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14 Jul 1924
Paris 1924

Stenroos marks marathon comeback in style

Few events conjured as much excitement during the formative years of the modern Olympic Games as the marathon.

Its early years were laced with tragedy and drama; from the collapse of Italian Dorando Pietri within sight of the finish line in 1908, to the tragic death of the Portuguese runner Francisco Lazaro at the 1912 Games in Stockholm.

Pietri was disqualified after British officials to come to his aid, his flailing legs and unsteady gait becoming one of the iconic moments in the history of the summer Games.

Like many Olympic marathons that had gone on before it, the race at the 1924 Olympic Games in Paris was contested in searing heat.

Race organisers delayed the start time to allow the oppressive conditions to calm but by the time the 58-man field took to the starting line temperatures remained stubbornly high.

An array of improvised headgear and caps were on show as the field did all they could to calm the severity of the Parisian heat.

Refuelling stations were a far cry from those of the modern era, with pales of water available for competitors to refresh their faces and wet rags handed out to assuage the heat.

As with so many distance events of the era, it was a Finn who dominated the race.

While team-mate Paavo Nurmi was breaking all records on the track in Paris, Albin Stenroos, a 35-year-old from Vehmaa, was about to make his own mark on the sport's biggest stage.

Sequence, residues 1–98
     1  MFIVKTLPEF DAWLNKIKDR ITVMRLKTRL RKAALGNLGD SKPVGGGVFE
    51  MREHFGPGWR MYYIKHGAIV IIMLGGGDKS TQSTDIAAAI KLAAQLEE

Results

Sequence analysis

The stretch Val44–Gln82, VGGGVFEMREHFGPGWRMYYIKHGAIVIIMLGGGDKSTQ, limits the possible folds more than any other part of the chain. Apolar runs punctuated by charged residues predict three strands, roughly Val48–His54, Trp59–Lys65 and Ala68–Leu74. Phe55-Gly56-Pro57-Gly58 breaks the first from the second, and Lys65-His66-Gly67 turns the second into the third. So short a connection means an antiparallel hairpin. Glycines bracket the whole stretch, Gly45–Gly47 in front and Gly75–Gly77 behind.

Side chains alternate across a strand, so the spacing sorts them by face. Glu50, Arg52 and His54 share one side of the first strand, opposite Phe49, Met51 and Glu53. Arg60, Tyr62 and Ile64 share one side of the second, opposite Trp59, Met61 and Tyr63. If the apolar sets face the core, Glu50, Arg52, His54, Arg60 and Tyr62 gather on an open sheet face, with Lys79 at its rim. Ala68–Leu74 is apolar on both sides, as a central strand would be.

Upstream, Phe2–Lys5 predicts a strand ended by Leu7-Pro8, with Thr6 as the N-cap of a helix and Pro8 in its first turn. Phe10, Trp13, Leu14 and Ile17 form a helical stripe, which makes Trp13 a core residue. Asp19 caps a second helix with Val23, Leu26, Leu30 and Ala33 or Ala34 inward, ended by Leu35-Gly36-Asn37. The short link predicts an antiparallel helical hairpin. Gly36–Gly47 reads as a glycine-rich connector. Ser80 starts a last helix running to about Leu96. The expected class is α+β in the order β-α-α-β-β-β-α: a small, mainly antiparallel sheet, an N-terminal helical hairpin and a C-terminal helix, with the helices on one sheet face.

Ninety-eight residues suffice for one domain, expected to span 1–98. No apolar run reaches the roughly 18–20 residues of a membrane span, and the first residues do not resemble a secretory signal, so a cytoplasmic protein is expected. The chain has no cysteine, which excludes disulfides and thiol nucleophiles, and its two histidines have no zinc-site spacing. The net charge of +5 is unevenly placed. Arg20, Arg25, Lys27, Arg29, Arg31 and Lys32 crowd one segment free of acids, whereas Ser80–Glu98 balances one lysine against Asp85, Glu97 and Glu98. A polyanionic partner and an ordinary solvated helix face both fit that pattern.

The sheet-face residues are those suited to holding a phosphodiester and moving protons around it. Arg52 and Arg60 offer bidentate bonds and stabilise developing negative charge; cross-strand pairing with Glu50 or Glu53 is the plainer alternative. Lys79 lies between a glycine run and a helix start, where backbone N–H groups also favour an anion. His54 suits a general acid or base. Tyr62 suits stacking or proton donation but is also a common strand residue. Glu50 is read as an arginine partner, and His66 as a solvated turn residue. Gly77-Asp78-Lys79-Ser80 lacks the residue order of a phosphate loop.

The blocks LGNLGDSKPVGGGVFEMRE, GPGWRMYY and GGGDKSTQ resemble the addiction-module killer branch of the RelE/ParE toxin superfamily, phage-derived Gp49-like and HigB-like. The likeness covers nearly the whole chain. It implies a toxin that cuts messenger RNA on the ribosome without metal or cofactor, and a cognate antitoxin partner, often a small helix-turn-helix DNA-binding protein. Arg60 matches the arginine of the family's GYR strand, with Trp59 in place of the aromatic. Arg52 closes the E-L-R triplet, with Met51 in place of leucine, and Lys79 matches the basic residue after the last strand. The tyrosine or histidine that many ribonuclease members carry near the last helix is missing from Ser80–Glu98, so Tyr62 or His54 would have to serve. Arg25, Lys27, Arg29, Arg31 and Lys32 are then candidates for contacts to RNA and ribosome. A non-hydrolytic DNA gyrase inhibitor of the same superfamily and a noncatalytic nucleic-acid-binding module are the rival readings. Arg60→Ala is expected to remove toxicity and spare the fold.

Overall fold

Stenroos hadn't run a marathon for 15 years until he qualified for the Finnish team at the trials prior to the Games.

He had enjoyed Olympic medal success with a team cross country silver in Stockholm as well as a individual bronze in the 10,000m.

But few expected such an emphatic victory in the 1924 marathon.

He surged clear of the field and entered the Olympic stadium with an unbeatable lead of around six minutes.

With a casual doff of his cap he acknowledged the crowd's applause and gingerly completed the final lap before breaking the tape in 2 hours 41.22 minutes, almost six minutes clear of second-placed Italian Romeo Bertini.

In an indication of the toll that the fierce heat took on competitors, seventh-placed Boughera El Ouadi would win the Amsterdam marathon four years later in a time nine minutes quicker than the Finn's mark.

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